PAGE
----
The Rocky Horror Picture Show Book Review

The Rocky Horror Show FAQ

In Munich there is a relatively small cinema called Museum Lichtspiele where every Saturday night continuously for the past 30 years the cinema has screened The Rocky Horror Picture Show where people come dressed up as their favourite character and hurl objects and lines at the screen while the film is playing. Although this little fact is not mentioned in Dave Thompson’s book, ‘The Rocky Horror Picture Show FAQ’ it goes quite some way to give an example that this film from 1975 is still a huge cult success. The musical film taken from the fringe theatre London production was made at a time when it sat on the threshold between Glam Rock and Punk and brings in both these elements and, as the book points out was a big influence in characters who were at the centre of punk who would watch Rocky Horror avidly including Toyah Wilcox and Joan Jett and The Runaways (years later Joan Jett’s ambitions would be realised when she appeared in a successful New York production in 2000 as Columbia).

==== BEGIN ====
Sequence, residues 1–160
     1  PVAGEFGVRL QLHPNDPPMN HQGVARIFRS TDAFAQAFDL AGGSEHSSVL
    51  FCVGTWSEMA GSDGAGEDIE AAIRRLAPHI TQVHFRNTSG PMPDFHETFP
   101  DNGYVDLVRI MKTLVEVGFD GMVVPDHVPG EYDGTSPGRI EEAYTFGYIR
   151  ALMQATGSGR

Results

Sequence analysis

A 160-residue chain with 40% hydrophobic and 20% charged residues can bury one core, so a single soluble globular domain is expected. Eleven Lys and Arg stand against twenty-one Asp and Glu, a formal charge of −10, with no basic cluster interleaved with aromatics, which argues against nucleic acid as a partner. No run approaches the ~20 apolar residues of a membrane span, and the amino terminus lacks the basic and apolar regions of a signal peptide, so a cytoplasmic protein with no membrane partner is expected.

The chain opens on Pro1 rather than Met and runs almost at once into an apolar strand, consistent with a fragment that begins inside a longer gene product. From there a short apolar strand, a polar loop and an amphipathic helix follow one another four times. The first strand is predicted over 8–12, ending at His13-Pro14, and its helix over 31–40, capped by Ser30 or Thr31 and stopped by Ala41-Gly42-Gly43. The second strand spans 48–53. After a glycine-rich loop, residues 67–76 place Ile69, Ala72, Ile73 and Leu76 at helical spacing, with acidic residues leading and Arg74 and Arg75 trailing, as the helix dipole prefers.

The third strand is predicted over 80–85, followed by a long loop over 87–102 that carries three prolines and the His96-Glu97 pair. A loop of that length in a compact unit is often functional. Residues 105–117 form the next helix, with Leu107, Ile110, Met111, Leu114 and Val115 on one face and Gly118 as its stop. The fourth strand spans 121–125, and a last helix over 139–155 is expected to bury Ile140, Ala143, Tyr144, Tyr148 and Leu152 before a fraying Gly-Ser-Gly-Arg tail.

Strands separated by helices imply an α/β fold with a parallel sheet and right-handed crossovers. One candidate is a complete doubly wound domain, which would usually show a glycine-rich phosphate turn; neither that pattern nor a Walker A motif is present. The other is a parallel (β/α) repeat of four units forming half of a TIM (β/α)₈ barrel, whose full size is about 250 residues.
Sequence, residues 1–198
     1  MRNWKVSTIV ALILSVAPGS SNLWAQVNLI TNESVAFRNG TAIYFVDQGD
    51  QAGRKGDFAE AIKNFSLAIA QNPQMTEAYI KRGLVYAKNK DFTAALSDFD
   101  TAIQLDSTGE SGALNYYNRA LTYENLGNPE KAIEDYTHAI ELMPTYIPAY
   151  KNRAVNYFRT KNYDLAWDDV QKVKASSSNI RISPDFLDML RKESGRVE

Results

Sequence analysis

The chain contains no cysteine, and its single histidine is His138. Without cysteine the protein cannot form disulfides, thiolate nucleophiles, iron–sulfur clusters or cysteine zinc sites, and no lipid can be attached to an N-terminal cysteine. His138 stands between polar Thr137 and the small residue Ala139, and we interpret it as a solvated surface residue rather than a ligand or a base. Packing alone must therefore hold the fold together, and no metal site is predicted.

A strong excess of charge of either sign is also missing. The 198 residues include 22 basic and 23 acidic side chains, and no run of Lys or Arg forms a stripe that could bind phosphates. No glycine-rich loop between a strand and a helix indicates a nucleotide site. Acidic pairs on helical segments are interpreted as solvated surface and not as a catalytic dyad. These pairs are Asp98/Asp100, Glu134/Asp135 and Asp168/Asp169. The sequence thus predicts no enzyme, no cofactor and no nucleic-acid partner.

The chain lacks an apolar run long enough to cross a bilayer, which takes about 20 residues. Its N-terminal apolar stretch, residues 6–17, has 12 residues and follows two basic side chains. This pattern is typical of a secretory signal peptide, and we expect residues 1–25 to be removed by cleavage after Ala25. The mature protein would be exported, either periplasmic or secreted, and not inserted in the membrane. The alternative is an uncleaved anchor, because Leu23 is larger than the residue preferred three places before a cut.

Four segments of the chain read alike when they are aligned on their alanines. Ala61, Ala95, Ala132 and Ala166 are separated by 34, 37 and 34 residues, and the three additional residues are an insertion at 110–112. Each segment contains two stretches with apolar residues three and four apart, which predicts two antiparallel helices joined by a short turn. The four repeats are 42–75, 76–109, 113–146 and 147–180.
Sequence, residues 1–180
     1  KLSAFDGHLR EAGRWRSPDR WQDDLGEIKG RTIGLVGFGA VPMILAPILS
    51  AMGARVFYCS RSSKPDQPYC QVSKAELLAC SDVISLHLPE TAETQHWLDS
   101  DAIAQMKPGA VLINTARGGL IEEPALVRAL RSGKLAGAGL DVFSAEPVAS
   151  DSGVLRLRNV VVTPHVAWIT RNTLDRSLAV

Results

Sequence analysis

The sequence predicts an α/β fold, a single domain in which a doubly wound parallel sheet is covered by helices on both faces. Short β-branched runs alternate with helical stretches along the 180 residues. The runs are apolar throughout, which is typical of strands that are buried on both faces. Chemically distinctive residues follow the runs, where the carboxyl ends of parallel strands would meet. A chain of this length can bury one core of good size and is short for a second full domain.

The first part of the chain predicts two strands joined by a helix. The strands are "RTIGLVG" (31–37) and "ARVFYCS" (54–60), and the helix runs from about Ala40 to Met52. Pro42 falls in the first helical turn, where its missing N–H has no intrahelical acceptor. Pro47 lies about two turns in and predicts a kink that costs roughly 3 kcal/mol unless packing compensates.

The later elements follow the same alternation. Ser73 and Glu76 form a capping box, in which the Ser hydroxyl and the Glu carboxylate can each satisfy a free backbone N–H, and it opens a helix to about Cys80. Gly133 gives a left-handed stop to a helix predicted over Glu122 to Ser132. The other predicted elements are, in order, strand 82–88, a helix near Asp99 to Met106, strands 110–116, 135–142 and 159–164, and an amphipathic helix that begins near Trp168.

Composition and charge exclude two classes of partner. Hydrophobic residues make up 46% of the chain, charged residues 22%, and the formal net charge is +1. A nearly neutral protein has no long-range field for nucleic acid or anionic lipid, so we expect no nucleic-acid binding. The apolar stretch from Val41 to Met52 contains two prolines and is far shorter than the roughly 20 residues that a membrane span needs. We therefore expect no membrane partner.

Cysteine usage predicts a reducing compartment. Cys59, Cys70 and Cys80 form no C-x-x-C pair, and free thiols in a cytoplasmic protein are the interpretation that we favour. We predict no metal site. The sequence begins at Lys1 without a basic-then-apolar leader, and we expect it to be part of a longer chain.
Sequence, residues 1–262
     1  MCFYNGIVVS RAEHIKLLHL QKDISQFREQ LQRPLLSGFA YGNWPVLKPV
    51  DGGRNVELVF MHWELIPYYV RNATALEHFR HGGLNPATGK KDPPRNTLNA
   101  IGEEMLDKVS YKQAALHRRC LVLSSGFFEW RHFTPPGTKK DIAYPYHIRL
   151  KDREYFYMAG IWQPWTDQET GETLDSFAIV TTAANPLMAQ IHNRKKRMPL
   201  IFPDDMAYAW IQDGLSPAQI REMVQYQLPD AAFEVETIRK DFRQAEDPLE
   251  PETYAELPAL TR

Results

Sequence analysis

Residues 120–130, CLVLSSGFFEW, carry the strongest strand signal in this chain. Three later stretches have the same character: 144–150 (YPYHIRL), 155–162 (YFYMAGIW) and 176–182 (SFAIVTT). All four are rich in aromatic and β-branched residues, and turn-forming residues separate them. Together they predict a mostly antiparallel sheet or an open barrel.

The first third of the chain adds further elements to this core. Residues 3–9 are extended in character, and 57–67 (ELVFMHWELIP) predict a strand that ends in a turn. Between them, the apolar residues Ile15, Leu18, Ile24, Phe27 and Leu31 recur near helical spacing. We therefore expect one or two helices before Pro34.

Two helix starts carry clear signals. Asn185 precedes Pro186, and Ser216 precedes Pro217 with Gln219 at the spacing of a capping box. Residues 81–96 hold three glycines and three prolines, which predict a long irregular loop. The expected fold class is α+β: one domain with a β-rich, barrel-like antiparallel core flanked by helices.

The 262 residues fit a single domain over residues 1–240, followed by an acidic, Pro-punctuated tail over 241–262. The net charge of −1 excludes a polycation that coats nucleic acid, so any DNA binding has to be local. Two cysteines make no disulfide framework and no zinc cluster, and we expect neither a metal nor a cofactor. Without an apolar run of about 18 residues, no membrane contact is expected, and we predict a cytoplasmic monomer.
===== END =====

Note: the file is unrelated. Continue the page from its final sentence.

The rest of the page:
‘The Rocky Horror Picture Show FAQ’ is not as the title suggests a kind of encyclopaedia of the musical and film but as with other books in this series, presents a history of its making and coming into being as well as its legacy. The book starts by giving a leftfield history of controversial theatre in London from the late sixties through to the 1970s when musicals such as ‘Hair’, ‘Oh! Calcutta!’ and the play ‘Romans in Britain’ pushed new bounds in nudity, sex and sticking the finger up to the establishment on the West End stage. This was the background to which ‘The Rocky Horror Show’ came into being and began its life at the Upstairs Theatre of one of Britain’s greatest theatres for new productions, The Royal Court Theatre in Sloane Square, the theatre that saw the likes of John Osbourne’s plays first performed. The background to the show before it became a film is a really interesting and, dare I say zeitgeist story in which a couple of émigrés from Australia, Richard O’Brien and Jim Sharman met in London and would pursue their dreams for music and acting aspirations. O’Brien even acted as a stuntman for a while and was a stuntworker on such films as Carry On Cowboy (1966) before aimlessly drifting through the late 1960s and early 70s. It was seeing an offbeat and eccentric play by American actor and writer Sam Shepard (yes, that Sam Shepard) called ‘The Unseen Hand’, an almost Dadaist homage to science-fiction that inspired Sharman and O’Brien to write their own musical that was originally titled ‘They Came From Denton High’. Shepard’s play was also shown at the Upstairs Theatre of The Royal Court Theatre.